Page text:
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U.S.-Russia ink plutonium disposal deal

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By Roger Snodgrass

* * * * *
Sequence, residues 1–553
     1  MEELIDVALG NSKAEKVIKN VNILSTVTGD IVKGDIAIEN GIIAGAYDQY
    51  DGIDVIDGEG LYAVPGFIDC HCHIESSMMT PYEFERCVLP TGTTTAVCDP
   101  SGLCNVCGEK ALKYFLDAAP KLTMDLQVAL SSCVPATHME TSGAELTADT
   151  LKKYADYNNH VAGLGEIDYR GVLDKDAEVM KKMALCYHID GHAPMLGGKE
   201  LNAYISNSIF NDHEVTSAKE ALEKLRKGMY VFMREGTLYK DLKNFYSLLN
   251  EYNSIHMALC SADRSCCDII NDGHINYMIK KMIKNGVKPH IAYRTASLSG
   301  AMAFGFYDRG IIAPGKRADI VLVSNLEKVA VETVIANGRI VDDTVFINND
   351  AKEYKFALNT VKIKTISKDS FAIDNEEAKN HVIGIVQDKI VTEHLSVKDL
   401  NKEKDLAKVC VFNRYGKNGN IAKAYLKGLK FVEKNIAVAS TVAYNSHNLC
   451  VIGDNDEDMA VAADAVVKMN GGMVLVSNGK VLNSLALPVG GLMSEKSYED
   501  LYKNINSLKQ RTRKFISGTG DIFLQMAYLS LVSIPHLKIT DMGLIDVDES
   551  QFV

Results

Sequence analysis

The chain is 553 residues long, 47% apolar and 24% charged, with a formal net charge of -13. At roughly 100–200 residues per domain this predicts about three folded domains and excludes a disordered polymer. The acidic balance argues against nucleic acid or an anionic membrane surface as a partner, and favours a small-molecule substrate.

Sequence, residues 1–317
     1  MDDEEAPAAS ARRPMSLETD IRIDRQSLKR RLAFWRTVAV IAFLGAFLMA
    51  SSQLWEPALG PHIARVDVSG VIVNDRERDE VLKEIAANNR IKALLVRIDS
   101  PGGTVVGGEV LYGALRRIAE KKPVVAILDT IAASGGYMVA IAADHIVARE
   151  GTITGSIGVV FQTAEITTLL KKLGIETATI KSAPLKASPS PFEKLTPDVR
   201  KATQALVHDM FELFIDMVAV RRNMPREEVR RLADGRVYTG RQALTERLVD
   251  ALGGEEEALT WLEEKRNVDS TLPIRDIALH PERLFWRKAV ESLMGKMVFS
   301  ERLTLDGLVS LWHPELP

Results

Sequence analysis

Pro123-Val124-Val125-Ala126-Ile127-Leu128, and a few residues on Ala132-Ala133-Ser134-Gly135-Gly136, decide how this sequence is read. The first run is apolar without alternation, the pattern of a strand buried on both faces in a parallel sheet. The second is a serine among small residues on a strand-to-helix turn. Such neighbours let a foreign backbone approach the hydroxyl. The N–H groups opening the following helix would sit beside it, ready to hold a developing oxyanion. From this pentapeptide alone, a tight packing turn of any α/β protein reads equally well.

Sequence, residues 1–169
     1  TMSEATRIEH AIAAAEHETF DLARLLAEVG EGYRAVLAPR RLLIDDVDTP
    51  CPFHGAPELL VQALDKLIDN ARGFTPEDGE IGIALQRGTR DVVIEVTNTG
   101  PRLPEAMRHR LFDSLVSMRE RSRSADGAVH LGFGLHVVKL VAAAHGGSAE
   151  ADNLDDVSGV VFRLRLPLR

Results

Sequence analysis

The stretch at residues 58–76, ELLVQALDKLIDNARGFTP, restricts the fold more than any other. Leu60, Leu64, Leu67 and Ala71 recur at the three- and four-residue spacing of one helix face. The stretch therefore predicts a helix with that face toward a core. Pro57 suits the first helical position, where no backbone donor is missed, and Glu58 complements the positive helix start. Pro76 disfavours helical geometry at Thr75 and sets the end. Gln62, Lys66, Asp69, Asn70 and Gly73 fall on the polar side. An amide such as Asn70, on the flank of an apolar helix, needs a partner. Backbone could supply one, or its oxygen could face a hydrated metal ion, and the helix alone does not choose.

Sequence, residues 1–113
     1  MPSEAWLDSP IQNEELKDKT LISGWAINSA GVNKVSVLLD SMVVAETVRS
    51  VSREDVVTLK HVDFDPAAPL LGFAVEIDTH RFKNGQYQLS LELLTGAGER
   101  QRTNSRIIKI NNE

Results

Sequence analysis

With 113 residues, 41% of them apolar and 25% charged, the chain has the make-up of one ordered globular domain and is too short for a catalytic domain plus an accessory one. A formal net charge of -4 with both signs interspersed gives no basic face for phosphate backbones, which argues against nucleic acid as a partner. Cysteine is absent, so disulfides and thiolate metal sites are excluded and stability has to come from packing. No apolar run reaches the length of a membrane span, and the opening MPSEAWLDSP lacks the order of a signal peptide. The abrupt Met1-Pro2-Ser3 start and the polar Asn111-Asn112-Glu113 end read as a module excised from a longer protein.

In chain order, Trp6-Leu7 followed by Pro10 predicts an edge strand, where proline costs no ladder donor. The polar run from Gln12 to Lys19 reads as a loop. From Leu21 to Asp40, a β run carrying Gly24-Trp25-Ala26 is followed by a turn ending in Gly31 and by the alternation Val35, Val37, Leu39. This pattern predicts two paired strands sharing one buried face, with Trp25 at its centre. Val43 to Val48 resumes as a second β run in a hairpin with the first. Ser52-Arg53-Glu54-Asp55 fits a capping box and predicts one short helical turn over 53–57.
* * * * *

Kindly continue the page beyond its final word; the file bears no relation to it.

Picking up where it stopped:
In another step toward reducing stockpiles of weapons-grade plutonium in the world, the United States and Russia have agreed to a new plan.Sen. Pete Domenici, R.-N.M., who has supported the nonproliferation partnership with the Russians since 1998, said he was relieved to see the program advance.“I am relieved to finally see some progress from the Russians on this program,” he said in an announcement Tuesday. “I think too much time was spent reaching this point, but I hope we can now move forward cooperatively with this worthwhile nonproliferation project.”The agreement was signed by Energy Secretary Samuel Bodman and Russian Federal Atomic Energy Agency Director Sergey Kiriyenko. Under the terms of the agreement, Russia agreed to convert 34 metric tons of plutonium manufactured for weapons purposes into fuel for an existing reactor at the Beloyarsk nuclear power plant, and another plan under development at the same site.“This joint statement between the United States and Russia reflects measurable progress toward disposing of a significant amount of weapons-grade plutonium in Russia,” Bodman said. An agreement in principal, the 2000 Plutonium Management and Disposition Agreement has been delayed over the years by various technical and political complications, including liability issues and a divergence of technologies to be used.A spokesperson for the National Nuclear Security Administration said the negotiations to reach this phase of the agreement started eight months ago.“Congress appropriated $200 million in 1999 subject to the condition that the funds be spent in Russia and of a $400 million contribution to the Russian project, but the (House and Senate) appropriation committees will have to approve a budget justification for the use of these funds,” said John Broehm,” an NNSA spokesperson.In recent appropriation bills, Domenici’s announcement said, the senator has supported restricting funding to Russia and backed language that expressed frustration with the Russian efforts to fulfill the terms of the treaty.In September, Bodman announced that the United States was removing nine metric tons of plutonium from further use as fissile material. He made the commitment while speaking at the International Atomic Energy Agency’s annual general conference.An NNSA spokesman said the additional commitment, part of a pledge made in 2005 to remove a total of 200 metric tons of fissile material removed from dismantled warheads, was not related to the outcome of the current negotiations.“That was completely separate,” Broehm said. “It had no effect on the negotiations.”The 34 metric tons under the Russian agreement and the nine metric tons, unilaterally removed from the U.S. plutonium inventory, will be converted into mixed oxide fuel (MOX) that can be burned in commercial nuclear reactors to produce electricity.A recent article in the Actinide Research Quarterly published by Los Alamos National Laboratory noted that Los Alamos and Sandia National Laboratories along with Savannah River have been working on various aspects of making MOX fuels a reality since the early 1990s.“Still,” the background article reports, “the United States and Russia are years away” from burning their surplus plutonium in commercial reactors. MOX produced in France has been used in tests at a South Carolina reactor since the summer of 2005 with positive results.But the U.S. MOX fuel fabrication facility and a conversion plant for producing fuel pellets have yet to be built at Savannah River.